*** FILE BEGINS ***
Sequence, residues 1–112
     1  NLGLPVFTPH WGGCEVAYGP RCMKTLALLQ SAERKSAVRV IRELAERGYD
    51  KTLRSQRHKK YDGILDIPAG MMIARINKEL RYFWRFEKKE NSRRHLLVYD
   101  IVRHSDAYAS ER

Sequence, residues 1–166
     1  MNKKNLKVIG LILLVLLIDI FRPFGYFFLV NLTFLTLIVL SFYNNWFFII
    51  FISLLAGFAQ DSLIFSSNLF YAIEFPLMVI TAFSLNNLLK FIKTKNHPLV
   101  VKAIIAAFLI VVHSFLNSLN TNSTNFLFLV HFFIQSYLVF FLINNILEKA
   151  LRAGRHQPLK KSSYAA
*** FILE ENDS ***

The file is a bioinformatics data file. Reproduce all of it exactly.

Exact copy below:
Sequence, residues 1–112
     1  NLGLPVFTPH WGGCEVAYGP RCMKTLALLQ SAERKSAVRV IRELAERGYD
    51  KTLRSQRHKK YDGILDIPAG MMIARINKEL RYFWRFEKKE NSRRHLLVYD
   101  IVRHSDAYAS ER

Sequence, residues 1–166
     1  MNKKNLKVIG LILLVLLIDI FRPFGYFFLV NLTFLTLIVL SFYNNWFFII
    51  FISLLAGFAQ DSLIFSSNLF YAIEFPLMVI TAFSLNNLLK FIKTKNHPLV
   101  VKAIIAAFLI VVHSFLNSLN TNSTNFLFLV HFFIQSYLVF FLINNILEKA
   151  LRAGRHQPLK KSSYAA